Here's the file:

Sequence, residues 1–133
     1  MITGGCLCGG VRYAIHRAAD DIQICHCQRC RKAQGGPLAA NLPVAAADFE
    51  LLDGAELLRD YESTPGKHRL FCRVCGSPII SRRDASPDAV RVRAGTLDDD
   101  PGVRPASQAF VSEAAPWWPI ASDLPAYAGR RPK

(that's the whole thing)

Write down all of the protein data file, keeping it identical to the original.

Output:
Sequence, residues 1–133
     1  MITGGCLCGG VRYAIHRAAD DIQICHCQRC RKAQGGPLAA NLPVAAADFE
    51  LLDGAELLRD YESTPGKHRL FCRVCGSPII SRRDASPDAV RVRAGTLDDD
   101  PGVRPASQAF VSEAAPWWPI ASDLPAYAGR RPK